Monday, April 10, 2006

Two cups

You have two cups, one containing orange juice and one containing and equal amount of lemonade. One teaspoon of the orange juice is taken and mixed with the lemonade. Then a teaspoon of this mixture is mixed back into the orange juice. Is there more lemonade in the orange juice or more orange juice in the lemonade?


  1. I think there is more lemonade in the orange juice since it went in as a pure teaspoon

  2. I would agree, the teraspoon of lemonade going into the OJ isn't a pure mixture.

  3. There's the same amount of lemonade in the orange juice as orange juice in the lemonade. Each cup ends with the same volume of liquid that it started with, and there's still an equal amount of each juice between the two cups.

    But I could be wrong! ;-)

  4. I made each one 10 teaspoons for example:

    When I move a Teaspoon of OJ to LA:

    OJ= 9x
    LA= 1x + 10y =11 tspn total volume

    When I take one back over to the lemonade I am taking 1/11th of each over after mixing them VERY thorougly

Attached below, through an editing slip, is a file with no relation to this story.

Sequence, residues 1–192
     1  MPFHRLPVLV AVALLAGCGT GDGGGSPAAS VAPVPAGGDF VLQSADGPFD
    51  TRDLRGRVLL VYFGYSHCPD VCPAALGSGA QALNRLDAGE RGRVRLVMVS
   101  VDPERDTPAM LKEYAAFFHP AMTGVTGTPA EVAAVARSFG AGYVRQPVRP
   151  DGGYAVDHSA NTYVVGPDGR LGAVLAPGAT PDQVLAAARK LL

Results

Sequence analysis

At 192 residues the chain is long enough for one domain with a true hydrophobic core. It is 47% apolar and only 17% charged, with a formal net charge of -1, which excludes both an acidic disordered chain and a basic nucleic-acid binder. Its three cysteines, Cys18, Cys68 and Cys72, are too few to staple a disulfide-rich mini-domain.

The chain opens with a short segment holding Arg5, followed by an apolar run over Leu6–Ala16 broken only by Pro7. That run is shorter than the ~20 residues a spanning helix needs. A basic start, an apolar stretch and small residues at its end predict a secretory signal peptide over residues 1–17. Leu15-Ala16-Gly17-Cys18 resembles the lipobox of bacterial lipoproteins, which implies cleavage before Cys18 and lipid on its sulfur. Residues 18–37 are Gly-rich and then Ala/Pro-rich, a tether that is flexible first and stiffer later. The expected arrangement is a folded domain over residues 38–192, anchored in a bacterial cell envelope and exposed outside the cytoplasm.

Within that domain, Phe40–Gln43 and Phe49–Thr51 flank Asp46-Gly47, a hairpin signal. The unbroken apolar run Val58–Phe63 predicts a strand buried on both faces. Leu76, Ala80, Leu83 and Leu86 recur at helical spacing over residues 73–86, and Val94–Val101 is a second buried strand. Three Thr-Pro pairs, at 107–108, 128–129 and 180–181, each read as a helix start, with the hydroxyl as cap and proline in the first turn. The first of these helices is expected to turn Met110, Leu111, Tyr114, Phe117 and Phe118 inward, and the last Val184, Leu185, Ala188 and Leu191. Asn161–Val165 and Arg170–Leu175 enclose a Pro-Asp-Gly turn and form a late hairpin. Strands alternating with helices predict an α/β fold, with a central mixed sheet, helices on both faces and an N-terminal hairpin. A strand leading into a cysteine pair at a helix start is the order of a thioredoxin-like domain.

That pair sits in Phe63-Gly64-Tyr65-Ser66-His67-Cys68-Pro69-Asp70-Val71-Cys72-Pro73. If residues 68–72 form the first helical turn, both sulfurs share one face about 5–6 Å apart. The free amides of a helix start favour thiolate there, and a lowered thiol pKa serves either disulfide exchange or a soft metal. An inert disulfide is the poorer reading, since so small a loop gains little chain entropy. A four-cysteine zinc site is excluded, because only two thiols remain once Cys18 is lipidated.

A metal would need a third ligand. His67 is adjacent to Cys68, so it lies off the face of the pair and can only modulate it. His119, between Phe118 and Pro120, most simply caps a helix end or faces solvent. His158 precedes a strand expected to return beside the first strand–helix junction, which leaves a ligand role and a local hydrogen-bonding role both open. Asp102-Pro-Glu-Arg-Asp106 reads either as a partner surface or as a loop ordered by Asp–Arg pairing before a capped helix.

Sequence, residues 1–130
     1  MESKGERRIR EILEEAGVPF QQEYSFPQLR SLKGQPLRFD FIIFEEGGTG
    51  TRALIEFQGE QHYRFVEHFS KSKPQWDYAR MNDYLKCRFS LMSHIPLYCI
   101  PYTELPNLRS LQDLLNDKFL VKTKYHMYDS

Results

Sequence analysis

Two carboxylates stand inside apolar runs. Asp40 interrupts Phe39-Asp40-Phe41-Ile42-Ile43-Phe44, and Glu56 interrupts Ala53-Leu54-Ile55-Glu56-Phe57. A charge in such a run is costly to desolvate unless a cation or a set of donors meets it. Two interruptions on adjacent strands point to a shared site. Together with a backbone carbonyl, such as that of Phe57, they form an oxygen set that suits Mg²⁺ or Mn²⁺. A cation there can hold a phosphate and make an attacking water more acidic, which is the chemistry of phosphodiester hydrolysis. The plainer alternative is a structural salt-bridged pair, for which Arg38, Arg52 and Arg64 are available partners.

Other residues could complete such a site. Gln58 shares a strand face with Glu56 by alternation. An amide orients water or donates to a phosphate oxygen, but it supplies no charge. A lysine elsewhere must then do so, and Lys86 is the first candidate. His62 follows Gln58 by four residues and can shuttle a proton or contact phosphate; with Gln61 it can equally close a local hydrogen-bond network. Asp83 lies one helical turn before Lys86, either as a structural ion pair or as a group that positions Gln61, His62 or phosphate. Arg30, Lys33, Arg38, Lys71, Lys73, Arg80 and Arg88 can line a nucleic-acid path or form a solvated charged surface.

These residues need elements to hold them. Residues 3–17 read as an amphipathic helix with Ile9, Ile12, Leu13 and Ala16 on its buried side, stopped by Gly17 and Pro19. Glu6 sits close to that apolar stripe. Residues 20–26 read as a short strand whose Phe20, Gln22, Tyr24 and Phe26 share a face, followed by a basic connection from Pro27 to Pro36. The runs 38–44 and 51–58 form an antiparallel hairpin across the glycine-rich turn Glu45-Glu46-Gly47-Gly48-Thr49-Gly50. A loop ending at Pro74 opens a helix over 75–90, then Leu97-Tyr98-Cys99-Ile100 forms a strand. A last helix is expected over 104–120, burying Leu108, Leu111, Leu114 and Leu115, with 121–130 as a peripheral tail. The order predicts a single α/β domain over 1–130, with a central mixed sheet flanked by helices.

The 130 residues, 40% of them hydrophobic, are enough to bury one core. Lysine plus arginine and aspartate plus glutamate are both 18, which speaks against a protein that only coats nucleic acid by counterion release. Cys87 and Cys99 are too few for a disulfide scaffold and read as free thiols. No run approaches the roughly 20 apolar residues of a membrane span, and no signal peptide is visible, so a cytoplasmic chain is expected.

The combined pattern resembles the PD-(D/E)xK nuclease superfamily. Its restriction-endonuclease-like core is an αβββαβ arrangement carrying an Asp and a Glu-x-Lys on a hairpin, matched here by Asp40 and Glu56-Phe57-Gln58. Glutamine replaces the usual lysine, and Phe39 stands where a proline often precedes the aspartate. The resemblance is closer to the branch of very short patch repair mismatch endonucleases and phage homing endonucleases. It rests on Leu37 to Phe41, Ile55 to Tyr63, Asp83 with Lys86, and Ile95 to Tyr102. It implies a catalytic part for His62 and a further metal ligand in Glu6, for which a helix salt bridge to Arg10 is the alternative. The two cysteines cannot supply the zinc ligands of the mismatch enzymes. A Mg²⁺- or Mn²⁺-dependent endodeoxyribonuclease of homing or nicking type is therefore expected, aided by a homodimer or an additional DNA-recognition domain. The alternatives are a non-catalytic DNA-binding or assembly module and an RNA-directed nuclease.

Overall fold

Thus I have:

    OJ= 9 1/11x + 10/11y
    LA= 9 1/11y + 10/11x

    So yeah, after doing it i figured it out. I musta missed few 11ths somewhere

  5. Karnov... can you explain the 1/11 th aspect to me??

  6. I have a similar problem to figure out but start off with 8 ounces of juice?
    Not understanding the 1/11 th fractional part.


Leave your answer or, if you want to post a question of your own, send me an e-mail. Look in the about section to find my e-mail address. If it's new, I'll post it soon.

Please don't leave spam or 'Awesome blog, come visit mine' messages. I'll delete them soon after.

Enter your Email and join hundreds of others who get their Question of the Day sent right to their mailbox

Preview | Powered by FeedBlitz

The Lamplight Manor Puzz 3-D
Are you looking for a particular puzzle, riddle, question, etc? Or do you want to find the answer today rather than wait till tomorrow!